In a scene that came straight out of a revenge drama, a man from Texas had gotten his truck allegedly stolen by another man. He then used an Apple AirTag to track the thief down and killed him with his own hands.
According to officers of San Antonio Police Department carried by Fox News, the man reported the theft to them at around one in the afternoon.
However, he wasn't patient enough to let the officers handle the crime and took matters into his own hands with help from Apple's AirTag, a tracking device that allows people to find their personal objects.
The man found his vehicle nearly 20 miles from where it was stolen, with the alleged thief completely oblivious that he was being tracked.
Police detailed that the truck owner went up to the victim who was in the vehicle, and a confrontation soon ensued that resulted in the fatal shooting of the thief. Several bullet casings and two cars with their windows shot out were found by authorities.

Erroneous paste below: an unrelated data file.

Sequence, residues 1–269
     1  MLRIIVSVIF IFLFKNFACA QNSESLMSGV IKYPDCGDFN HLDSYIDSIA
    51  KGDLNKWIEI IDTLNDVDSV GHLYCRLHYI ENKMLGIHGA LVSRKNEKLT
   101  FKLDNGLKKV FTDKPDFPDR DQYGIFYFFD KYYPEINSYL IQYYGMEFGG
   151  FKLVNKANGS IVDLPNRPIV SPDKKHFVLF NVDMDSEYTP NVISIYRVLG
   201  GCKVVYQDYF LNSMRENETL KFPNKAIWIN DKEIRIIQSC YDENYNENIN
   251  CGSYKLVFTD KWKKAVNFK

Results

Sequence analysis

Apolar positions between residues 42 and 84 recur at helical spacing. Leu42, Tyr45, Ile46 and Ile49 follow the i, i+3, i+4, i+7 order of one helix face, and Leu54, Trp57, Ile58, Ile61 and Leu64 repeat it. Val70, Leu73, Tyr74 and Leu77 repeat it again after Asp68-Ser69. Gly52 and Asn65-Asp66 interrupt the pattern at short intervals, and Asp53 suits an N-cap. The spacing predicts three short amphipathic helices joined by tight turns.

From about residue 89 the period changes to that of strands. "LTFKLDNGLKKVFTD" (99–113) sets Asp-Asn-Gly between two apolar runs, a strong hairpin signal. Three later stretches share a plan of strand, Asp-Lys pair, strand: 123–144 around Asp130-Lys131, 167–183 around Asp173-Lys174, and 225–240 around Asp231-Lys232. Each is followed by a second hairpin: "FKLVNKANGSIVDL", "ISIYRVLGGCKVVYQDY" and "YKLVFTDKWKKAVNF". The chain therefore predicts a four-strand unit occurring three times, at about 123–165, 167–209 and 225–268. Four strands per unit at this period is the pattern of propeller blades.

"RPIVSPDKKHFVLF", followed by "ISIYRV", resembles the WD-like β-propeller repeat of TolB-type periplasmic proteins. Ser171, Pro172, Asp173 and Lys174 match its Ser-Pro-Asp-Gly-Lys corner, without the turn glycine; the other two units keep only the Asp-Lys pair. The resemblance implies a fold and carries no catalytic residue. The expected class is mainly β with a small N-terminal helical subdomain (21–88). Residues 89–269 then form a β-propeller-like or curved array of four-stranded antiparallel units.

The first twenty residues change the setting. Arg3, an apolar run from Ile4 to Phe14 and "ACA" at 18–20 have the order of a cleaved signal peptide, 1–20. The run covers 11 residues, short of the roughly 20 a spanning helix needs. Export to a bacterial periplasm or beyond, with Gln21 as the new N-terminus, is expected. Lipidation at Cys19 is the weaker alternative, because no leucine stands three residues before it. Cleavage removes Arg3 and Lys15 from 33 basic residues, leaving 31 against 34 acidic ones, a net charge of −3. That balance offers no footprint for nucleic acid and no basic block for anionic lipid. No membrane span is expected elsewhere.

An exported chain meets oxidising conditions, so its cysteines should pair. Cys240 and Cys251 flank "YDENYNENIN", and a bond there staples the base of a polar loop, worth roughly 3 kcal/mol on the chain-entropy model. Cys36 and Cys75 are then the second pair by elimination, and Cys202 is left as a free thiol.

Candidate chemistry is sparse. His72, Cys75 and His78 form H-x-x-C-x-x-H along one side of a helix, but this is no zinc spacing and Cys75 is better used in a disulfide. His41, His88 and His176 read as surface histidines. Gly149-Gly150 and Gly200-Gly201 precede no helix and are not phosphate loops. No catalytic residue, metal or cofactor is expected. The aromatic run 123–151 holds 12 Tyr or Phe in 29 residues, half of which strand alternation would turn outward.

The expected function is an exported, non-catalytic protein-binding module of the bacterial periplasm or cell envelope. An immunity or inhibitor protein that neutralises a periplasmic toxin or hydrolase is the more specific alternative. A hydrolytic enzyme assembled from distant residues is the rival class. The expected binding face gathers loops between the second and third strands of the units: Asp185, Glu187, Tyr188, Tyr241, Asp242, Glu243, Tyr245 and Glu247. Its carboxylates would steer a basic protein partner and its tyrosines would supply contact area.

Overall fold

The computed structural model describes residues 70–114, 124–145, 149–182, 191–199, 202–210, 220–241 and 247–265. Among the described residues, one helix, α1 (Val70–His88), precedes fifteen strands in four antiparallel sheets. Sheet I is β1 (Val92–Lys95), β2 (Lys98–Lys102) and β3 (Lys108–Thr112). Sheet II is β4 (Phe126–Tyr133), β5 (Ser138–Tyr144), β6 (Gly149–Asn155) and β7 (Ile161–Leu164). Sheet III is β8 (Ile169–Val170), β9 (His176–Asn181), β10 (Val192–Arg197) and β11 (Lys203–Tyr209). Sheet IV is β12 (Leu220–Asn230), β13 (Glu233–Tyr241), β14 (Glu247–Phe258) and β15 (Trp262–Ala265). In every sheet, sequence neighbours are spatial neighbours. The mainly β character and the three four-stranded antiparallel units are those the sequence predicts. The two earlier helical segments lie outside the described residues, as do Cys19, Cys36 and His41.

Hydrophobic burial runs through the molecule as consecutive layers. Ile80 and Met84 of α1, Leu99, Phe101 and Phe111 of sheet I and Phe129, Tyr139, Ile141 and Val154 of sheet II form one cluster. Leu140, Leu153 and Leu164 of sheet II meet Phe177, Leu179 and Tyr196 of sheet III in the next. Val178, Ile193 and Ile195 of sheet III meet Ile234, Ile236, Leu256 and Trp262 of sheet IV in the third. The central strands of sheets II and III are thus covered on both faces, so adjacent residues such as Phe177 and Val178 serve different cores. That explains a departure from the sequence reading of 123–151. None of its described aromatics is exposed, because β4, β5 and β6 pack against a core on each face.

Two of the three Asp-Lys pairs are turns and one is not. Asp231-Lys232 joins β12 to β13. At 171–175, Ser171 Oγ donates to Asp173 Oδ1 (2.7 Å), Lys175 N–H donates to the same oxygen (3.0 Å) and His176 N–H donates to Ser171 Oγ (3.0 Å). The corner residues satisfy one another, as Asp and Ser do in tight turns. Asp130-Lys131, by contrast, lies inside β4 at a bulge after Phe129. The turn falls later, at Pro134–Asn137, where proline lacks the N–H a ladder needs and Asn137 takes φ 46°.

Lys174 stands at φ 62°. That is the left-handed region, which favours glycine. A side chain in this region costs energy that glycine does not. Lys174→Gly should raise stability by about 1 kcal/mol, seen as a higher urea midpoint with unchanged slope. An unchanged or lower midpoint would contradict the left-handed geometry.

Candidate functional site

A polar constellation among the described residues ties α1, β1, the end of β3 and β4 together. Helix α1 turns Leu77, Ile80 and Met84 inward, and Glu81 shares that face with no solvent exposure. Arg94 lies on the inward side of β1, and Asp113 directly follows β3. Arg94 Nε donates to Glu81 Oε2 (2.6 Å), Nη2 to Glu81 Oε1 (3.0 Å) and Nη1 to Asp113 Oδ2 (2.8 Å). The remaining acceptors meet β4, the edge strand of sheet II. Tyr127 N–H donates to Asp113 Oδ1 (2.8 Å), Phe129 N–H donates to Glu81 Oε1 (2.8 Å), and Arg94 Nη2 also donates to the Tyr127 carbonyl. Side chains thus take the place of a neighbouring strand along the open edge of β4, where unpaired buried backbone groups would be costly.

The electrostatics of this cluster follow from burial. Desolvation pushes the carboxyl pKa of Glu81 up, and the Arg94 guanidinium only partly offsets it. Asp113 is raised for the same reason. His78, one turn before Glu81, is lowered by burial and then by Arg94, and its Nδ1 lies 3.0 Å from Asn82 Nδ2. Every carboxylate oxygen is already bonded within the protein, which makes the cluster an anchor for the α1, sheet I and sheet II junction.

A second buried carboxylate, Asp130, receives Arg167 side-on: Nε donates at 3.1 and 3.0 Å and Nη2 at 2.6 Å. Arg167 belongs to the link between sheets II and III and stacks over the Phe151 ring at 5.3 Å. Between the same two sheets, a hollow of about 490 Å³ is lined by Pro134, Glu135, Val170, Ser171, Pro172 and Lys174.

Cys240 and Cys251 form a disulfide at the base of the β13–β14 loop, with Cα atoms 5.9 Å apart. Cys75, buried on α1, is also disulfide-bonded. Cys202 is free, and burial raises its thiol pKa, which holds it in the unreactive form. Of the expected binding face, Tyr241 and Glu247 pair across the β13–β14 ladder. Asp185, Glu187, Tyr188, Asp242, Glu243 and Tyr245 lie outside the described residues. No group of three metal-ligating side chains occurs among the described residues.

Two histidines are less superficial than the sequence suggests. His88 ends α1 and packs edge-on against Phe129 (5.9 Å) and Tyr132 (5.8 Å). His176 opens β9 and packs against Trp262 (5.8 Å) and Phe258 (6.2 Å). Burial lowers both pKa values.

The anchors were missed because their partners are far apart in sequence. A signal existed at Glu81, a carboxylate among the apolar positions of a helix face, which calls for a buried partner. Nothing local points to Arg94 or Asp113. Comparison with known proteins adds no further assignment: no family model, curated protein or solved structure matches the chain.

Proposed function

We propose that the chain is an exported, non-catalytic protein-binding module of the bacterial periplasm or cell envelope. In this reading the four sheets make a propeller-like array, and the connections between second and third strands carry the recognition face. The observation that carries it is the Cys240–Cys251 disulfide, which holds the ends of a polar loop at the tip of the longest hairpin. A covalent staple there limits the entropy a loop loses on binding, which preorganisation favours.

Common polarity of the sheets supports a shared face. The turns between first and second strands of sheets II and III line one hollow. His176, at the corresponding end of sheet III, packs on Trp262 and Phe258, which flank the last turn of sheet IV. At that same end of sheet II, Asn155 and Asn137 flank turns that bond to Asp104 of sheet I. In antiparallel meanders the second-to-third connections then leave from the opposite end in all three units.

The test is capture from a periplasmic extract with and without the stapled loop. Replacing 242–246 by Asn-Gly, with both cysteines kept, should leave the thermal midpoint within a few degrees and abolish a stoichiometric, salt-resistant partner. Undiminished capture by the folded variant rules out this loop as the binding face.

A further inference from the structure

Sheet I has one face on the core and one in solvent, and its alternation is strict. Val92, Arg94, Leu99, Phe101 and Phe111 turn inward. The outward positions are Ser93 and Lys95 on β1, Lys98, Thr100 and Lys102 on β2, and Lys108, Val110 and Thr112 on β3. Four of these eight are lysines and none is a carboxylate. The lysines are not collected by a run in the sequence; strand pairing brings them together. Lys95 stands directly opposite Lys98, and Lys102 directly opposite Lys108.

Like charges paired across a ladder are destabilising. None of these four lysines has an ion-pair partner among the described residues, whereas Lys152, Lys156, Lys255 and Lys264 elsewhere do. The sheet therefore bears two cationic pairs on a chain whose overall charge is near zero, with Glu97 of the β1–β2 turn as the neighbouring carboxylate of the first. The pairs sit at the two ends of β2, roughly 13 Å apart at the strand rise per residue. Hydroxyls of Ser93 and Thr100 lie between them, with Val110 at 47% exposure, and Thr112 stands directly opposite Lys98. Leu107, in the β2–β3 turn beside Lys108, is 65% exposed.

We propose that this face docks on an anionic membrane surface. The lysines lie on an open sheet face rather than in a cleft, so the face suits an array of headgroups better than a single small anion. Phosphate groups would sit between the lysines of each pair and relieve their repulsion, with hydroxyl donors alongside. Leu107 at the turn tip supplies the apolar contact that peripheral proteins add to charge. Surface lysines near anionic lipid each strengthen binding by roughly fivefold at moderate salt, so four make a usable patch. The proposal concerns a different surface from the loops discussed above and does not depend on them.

Officials are determining if the suspect will be charged in the fatal shooting.
"If you are to get your vehicle stolen, please do not take matters into your own hands like this," Nick Soliz, an officer, stressed. "It's never safe as you can see by this incident."
The way Apple AirTags work is that you hold the tracking device near your iPhone, iPad, or iPod touch, then connect it to them. Afterwards, you can attach your AirTag to your item and see it in the Find My app. Aside from keys, purses, and backpacks, these devices can be used to track some less common items, and in this case, a truck.
It's not the first time that the multinational tech company had gotten heat from their product as two women previously sued Apple over how their exes allegedly used AirTags to track their whereabouts.
Back in February last year, the tech giant addressed these concerns by updating the safety and privacy features of their tracking device, underscoring, "AirTag was designed to help people locate their personal belongings, not to track people or another person's property, and we condemn in the strongest possible terms any malicious use of our products."